[li]Seasonal supply and demand. Many Canadian branches of US corporations will send the annual profits south in December; selling CAD and buying USD, with obvious effects on the rate[/li][li]Episodic supply and demand. One reason the loony was so high in the late '80’s was because the provinces, having tapped out the domestic market, issued bonds in US funds and sold these US funds for Canadian in order to spend them. Similar effects can be seen when there is a major cross-border corporate take-over.[/li][li]Interests rates, inflation and expectations thereof. An investor will seek to maximize his return, subject to constraints on risk. Increased business activity (a strong economy) will normally lead to higher interest rates without directly affecting the exchange rate. Therefore, you would prefer to buy currency A to purchase an investment yielding 5%, as opposed to a similar investment in currency B yielding 2%, as long as you can be reasonably sure that you won’t lose the increment on the future currency exchange. When you sell your B to buy A, this will have an effect on the price.[/li][li]Terms of Trade. To take things to a very simple level, what the States wants to do is buy from Canada a barrel of oil and give us a pocket-calculator in exchange. When the price of oil falls, they only need to give us half a pocket-calculator … but given that the barter is not direct (we can buy pocket calculators anywhere, and we might decide it would be better to buy three pairs of socks), the damage done to the economy by this shift in terms of trade is spread out by making the currency worth less … so they still pay us 30 loonies for the oil, and a pocket calculator still costs 20 greenbacks … but it now takes more than 30 loonies to buy 20 greenbacks.[/li][/ul]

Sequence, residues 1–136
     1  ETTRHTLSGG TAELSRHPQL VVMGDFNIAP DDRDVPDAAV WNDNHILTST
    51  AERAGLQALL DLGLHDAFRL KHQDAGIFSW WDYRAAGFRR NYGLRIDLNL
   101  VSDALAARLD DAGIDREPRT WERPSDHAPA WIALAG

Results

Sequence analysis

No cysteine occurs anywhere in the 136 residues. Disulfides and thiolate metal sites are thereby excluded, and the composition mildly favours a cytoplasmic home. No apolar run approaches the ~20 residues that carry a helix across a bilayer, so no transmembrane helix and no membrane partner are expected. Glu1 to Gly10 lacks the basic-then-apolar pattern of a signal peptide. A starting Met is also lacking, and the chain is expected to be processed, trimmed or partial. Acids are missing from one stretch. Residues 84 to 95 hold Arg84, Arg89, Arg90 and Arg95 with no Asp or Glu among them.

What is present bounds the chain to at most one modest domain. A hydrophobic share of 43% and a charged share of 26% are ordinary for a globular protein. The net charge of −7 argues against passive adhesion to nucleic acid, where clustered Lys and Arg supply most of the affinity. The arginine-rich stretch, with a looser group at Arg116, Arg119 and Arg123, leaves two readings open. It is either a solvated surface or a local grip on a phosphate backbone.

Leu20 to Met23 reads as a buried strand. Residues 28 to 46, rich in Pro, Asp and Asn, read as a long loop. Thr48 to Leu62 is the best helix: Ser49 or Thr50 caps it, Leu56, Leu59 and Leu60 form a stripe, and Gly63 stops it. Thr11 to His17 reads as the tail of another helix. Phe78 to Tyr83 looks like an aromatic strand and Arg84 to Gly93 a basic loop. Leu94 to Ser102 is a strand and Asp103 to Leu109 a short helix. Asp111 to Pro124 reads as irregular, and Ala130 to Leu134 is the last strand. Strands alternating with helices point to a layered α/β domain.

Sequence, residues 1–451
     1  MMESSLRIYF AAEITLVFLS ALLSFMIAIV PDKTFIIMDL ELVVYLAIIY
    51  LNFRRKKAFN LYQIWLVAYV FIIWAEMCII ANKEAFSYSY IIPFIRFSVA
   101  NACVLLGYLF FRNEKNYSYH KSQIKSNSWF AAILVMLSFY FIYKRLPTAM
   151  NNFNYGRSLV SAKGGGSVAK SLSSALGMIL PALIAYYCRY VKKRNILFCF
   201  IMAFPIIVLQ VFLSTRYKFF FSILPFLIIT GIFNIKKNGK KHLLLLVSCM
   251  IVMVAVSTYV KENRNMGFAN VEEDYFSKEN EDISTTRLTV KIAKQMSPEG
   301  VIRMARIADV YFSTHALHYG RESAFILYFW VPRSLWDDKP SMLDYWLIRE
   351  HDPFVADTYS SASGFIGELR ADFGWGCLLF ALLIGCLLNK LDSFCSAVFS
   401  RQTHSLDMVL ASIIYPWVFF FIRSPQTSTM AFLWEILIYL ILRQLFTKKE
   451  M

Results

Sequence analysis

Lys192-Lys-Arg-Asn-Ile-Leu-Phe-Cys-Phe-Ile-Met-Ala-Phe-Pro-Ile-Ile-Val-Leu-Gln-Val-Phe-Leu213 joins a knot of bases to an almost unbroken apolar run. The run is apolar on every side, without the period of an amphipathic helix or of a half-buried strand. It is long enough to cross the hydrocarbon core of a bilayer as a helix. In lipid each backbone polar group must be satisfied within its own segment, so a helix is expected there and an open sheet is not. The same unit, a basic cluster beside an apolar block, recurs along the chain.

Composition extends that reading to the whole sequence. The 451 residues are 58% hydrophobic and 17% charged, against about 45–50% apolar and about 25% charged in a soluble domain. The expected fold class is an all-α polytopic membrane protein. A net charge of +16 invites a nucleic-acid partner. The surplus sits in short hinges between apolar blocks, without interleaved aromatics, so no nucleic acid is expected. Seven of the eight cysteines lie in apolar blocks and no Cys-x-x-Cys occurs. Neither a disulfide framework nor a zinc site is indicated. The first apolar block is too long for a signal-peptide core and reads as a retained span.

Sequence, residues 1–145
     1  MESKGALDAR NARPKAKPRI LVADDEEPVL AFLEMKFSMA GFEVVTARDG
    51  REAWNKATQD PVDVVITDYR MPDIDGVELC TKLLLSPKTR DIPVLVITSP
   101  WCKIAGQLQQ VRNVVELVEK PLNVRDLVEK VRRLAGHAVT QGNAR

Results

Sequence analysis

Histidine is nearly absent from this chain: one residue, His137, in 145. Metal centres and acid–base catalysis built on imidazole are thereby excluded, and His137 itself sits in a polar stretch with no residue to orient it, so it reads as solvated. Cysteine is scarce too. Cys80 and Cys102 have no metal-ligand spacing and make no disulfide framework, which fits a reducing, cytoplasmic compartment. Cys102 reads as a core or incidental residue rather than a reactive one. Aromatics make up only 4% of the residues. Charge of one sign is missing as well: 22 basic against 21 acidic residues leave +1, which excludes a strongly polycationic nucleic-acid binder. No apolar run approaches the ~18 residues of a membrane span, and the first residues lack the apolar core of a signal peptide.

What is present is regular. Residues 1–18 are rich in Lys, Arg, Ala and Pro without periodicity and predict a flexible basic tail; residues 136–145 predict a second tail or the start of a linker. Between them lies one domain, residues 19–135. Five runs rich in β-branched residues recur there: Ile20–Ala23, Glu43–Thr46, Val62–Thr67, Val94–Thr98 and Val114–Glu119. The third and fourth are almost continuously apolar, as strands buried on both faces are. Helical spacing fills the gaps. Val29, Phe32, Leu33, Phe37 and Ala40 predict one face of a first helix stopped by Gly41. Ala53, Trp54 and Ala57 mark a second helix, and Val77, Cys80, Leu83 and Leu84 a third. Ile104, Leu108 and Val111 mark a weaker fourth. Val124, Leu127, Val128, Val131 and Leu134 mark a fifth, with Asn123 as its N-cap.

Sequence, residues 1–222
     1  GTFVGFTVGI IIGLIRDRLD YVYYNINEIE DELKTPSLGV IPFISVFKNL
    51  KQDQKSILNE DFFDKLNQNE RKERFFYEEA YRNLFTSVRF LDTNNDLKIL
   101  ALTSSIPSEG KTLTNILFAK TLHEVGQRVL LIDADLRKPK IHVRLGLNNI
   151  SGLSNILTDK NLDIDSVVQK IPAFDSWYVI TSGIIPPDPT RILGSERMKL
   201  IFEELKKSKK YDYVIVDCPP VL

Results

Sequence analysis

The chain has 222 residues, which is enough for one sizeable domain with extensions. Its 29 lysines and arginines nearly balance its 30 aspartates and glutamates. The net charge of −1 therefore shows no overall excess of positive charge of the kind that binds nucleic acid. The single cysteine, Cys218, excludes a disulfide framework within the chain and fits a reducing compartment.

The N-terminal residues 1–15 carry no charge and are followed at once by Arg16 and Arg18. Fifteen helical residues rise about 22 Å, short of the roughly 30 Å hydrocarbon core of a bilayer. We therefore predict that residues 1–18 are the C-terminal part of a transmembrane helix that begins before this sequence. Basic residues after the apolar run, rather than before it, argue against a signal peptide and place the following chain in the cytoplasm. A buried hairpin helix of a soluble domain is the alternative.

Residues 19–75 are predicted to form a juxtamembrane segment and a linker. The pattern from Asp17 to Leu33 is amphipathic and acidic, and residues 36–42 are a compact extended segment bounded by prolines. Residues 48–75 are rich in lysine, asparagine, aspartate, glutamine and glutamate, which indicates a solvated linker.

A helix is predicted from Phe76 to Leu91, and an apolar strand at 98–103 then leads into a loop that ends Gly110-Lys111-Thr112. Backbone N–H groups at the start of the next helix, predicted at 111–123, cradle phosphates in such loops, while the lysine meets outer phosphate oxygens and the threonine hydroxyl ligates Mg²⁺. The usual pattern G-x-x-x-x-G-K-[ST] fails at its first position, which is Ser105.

One other factor that no-one has mentioned is the uncertainty caused by the threat of Quebec secession. Investors don’t like to invest money in places that might undergo political instability. Uncertainties over the possibility of secession contributed to the loonie’s nose dive in the nineties.

The trouble with Wumpus’s suggestion is that under traditional economic theory, a net exporter should see its currency rise since importers need its currency to buy those exports; a net importer should see its currency fall, since it has to sell its currency to buy those imports. Therefore it is necessary to explain why, over a period of over 25 years, the loony has continued to fall and the greenback has continued to rise. I stick to my explanation that it is essentially a big con game.

True commodity prices have been falling since before Napoleon. Since the first automation, in fact. I guess since the spinning wheel was invented, but net exporters should still see their currency rise in value and net importers should see it fall.

It’s not a ‘big con game’. It’s the currency market, which accurately reflects the value people place on the currencies.

The Canadian dollar used to be ‘pegged’ to the American dollar, meaning that it moved in price along with the U.S. dollar. And there was even a time when the Canadian dollar was worth more than the U.S. dollar. The fact that it has falled to 60x cents is nothing more than a reflection of the relative demand for the two currencies.

One big difference that partially caused the drop in the dollar from 80 cents down to 65 was a change in Canadian interest rate policy. For a long time, Canada’s interest rates were 2 or 3 percent higher than American interest rates. This was done intentionally by the Bank of Canada in order to prop up the dollar. A few years ago, the interest rate was allowed to drop to its more natural levels, and actually went below the interest rates in the U.S.